Defending the South against distortions in farm trade
Source: Third World Network Features
Martin Khor

In the following statement, presented at the high-level session of the UN Economic and Social Council (ECOSOC) on 30 June 2003, Martin Khor, Director of Third World Network, highlights the manifold imbalances in agriculture trade and suggests how developing countries may be enabled to shield their farmers from these ruthless iniquities.

We congratulate ECOSOC for choosing the theme of promoting an integrated approach to rural development for poverty eradication and sustainable development. Most people in developing countries live in rural areas and depend on agriculture.

We do need an integrated approach to rural and sustainable development, incorporating the economic, social and environmental aspects. In a paper on sustainable agriculture, the Third World Network has set out its views on this integrated approach.

In today's session, many speakers have rightly focused on the WTO's Agriculture Agreement. It is an instrument that is imbalanced, giving special and differential treatment to the developed countries, allowing them to continue the high protection, while pressurizing developing countries to liberalize more.

For example, developed countries can continue to maintain high subsidies, but developing countries that did not have subsidies or have only low subsidies cannot raise them. Developed countries are able to avail themselves of the "special safeguard mechanism" (of special protection against import surges) as they went through a "tariffication" process, but most developing countries do not have access to it. Many developing countries have also been subjected to rapid agricultural tariff reduction due to loan conditionalities of the IMF and World Bank. Cheap imports are swamping many developing countries, displacing the livelihoods of poor farmers.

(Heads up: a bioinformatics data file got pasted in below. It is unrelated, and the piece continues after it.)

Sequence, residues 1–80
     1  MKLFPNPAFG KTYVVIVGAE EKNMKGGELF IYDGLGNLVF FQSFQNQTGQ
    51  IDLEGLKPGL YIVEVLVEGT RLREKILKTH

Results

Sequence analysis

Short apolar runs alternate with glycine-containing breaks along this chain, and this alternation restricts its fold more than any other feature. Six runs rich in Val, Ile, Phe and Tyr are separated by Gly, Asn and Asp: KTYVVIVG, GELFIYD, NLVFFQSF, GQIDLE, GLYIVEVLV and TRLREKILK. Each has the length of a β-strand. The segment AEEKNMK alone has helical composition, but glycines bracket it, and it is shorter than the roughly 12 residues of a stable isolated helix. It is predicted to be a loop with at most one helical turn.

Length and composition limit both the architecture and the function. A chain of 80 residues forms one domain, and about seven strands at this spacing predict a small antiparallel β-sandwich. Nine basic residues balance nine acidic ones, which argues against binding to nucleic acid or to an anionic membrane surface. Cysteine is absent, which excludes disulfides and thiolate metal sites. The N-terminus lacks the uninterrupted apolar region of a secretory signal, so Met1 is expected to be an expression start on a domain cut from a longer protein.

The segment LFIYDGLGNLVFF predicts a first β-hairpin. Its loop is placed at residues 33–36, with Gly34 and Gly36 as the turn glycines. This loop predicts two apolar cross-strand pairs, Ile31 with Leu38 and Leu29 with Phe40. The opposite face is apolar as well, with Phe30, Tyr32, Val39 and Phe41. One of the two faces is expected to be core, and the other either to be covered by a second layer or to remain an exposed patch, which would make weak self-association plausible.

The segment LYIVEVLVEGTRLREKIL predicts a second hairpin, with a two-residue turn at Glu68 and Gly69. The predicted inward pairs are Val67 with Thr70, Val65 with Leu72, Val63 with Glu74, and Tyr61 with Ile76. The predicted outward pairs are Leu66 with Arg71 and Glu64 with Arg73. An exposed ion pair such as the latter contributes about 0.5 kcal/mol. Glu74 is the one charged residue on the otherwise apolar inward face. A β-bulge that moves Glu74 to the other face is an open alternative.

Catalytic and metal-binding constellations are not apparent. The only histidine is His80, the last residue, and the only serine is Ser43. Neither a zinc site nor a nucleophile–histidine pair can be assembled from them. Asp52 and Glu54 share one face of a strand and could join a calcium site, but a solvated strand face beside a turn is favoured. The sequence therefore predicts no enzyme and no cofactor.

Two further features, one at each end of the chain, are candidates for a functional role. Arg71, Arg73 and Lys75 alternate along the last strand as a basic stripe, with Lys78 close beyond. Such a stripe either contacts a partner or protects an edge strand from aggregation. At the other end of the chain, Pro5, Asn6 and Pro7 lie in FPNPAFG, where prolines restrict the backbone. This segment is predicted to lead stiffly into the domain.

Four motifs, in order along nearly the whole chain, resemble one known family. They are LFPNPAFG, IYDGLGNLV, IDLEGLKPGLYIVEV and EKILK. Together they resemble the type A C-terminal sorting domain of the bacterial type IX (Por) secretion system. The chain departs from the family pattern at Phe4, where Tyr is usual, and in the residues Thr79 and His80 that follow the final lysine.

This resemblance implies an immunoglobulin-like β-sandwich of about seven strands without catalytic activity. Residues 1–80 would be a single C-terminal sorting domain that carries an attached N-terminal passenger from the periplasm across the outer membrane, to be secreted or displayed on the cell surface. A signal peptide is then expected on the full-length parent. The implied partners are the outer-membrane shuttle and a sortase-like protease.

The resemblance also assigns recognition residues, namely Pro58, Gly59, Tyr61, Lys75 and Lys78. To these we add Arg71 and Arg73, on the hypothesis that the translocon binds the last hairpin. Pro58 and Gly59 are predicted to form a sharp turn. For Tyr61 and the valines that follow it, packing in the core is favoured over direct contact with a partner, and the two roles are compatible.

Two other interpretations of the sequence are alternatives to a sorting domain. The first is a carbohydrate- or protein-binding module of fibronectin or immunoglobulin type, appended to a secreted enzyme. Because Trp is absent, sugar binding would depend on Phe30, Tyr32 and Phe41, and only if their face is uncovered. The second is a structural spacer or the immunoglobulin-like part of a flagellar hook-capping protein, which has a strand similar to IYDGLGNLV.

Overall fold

A major flaw in the WTO Agriculture Agreement is in categorizing subsidies into trade-distorting domestic subsidies (in the "amber box"), which have to be reduced, and non-trade-distorting subsidies ("blue" and "green boxes"), which escape discipline and thus can be increased. This has allowed the rich countries to maintain or raise their very high subsidies by switching from one kind of subsidy to another. It is like a magician's trick, to have the subsidies disappear from one box to reappear in another. This is why after the Uruguay Round the total amount of subsidies in OECD countries has gone up instead of going down, despite the apparent promise that Northern subsidies will be reduced.

The so-called "blue box" and "green box" subsidies can be just as trade-distorting or even more so. In the old system, the distortion takes place mainly through the Northern government paying higher prices to their farmers, who then sell in their domestic market as well as export with the aid of export subsidies. In the new systems, the government payment of higher prices may stop, and the farmers may even sell in their domestic market at close to world market prices and they can even export now without an export subsidy. Yet their cost of production is higher than the price they receive. This is made up for by the receipt of various kinds of subsidies. The result is that the farmer gets enough revenues to remain in business, this time in the form of various government grants instead of in the form of higher prices. But it is wrong to call this non-trade-distorting. The protection is better disguised, but the effect is the same. In some cases, it is even worse as the inefficient farms or food companies can sell at lower prices to developing countries, even without the help of export subsidies.